By tackling the fictitious criminal offence of “driving while black” Home Secretary Theresa May might be about to make a real difference in many people’s lives.
“Driving while black” is where police officers stop, question, and even search black and minority ethnic drivers who have committed no crime, based on the excuse of a road traffic offence.
The Home Secretary has ordered that the “best use of stop and search” code be extended to vehicle stops under the Road Traffic Act. The new rules will require police officers to record the driver’s ethnicity, the reason for the stop and the outcome.
She intends to make the changes because “One of the things I am very clear about is that I didn’t take action on stop-and-search to see the police using other things in a way that could be questioned.”
The rule change is intended to improve transparency and tackle the disproportionate targeting of black and minority ethnic drivers. It is hoped that such a move will restore relations between the police and public.
This is why we should be cautiously optimistic.
Stop and Search Circumvented
In 2014 police forces were encouraged to voluntarily sign up to the “best use of stop and search” scheme, which was intended to limit blanket Section 60 of the Criminal Justice and Public Order Act (1994) stops, keep better records, and publish them online.
At first glance, it appears to be working. The Home Office reported, “In the year ending March 2015, there were 541,000 stops and searches conducted by police in England and Wales, a fall of 40% compared with the previous year.”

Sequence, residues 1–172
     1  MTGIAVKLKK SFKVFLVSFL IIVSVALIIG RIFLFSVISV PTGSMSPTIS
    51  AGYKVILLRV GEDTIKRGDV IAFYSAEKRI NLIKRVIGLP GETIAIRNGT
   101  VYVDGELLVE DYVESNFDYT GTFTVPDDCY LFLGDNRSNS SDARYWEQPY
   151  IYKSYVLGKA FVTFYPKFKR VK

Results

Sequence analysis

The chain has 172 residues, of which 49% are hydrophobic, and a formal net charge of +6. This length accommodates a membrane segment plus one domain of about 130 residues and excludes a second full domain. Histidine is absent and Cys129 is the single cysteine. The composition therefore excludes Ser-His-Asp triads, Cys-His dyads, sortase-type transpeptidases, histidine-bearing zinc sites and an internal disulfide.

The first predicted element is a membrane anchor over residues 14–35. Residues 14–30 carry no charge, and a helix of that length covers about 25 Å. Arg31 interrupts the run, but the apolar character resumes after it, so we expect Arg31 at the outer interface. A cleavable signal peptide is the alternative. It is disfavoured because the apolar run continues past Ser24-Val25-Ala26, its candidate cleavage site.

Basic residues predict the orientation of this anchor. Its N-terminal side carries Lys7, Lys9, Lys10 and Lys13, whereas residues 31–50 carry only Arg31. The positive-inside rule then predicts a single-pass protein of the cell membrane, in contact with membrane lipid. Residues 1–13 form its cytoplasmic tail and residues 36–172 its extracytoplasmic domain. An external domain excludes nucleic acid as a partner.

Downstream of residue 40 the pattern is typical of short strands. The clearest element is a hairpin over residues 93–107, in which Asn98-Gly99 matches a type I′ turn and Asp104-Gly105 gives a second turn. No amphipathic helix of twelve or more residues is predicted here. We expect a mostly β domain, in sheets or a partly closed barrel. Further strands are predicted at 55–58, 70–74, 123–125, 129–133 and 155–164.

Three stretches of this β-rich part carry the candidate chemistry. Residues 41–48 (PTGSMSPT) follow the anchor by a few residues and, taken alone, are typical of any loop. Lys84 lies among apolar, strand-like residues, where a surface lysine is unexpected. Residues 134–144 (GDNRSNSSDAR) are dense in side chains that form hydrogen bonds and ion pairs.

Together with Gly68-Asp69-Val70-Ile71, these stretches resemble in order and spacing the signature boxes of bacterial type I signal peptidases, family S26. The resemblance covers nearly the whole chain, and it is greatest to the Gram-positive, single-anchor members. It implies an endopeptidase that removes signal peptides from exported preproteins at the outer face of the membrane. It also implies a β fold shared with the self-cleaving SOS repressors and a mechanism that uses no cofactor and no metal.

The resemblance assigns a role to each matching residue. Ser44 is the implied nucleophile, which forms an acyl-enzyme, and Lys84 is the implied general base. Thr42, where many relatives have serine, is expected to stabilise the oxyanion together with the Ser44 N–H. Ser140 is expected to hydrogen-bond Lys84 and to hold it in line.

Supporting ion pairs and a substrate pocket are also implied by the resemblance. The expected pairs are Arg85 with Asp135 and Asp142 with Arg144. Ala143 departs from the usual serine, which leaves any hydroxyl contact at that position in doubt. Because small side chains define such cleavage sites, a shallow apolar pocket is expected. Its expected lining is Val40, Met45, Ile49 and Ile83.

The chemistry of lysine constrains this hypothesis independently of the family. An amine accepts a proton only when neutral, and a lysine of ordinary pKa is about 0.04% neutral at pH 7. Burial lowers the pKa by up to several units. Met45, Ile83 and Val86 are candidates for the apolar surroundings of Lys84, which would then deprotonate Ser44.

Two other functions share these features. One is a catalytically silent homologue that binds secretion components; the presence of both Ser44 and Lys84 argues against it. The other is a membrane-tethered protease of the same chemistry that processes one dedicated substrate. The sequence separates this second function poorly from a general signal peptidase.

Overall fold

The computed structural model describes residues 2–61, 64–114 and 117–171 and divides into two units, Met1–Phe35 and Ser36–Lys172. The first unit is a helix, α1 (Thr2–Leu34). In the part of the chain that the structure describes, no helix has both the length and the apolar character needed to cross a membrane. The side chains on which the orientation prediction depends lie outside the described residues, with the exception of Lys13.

But, as Mrs May pointed out, police forces are now using “other things”, including the Road Traffic Act.
Under section 163 of the Road Traffic Act 1988, a person driving a “mechanically propelled vehicle” or riding a cycle on a road must stop on being required to do so by a constable in uniform or a traffic officer.
Failure to stop is a criminal offence.
The Power to stop in section 163 is complimented by the powers in sections 164 and 165.
These provisions require the driver (and supervisor, if the driver is on a provisional licence) to produce certain documentation, such as a driving licence, certificate of insurance and MOT test certificate of roadworthiness where an officer “has reasonable cause to believe to have committed an offence in relation to the use on a road of a motor vehicle”.
The police can also demand names, addresses, and dates of birth of the driver, owner (if different), and supervisor of the driver (if on a provisional licence).
Again, failing to provide this information is a criminal offence.
These sections are so wide that the Road Traffic Act is open to abuse, allowing miscreant police officers to circumvent the stop and search rules which require a “reasonable suspicion” that the driver is carrying an unauthorised weapon or drugs.
Manipulating the law in this way can have serious consequences, as my client D E will confirm.
Stopped for “Driving While Black”
My client, D E, is a disabled black man from Dagenham who was the victim of a dubious Section 163 Road Traffic Act stop in April 2012.
On the day in question, he was driving his Vauxhall Astra to Dagenham Sunday market. He was with his friend and cousin, who are also black males.
Mr E maintains that he was driving within the 30mph speed limit along Wood Lane, when at about 7:50a.m., they passed a marked police car coming the other way. He made eye contact with one of the officers. As the police car passed, the driver put on his sirens and lights, turned and followed Mr E’s car.
(We later found out why the police stopped Mr E. One officer recorded that the Astra “drove past us seemingly at high-speed”. In subsequent court papers, it was suggested that the officer considered a high-speed as any speed over the set speed limit in that area. So, perhaps 31 mph?)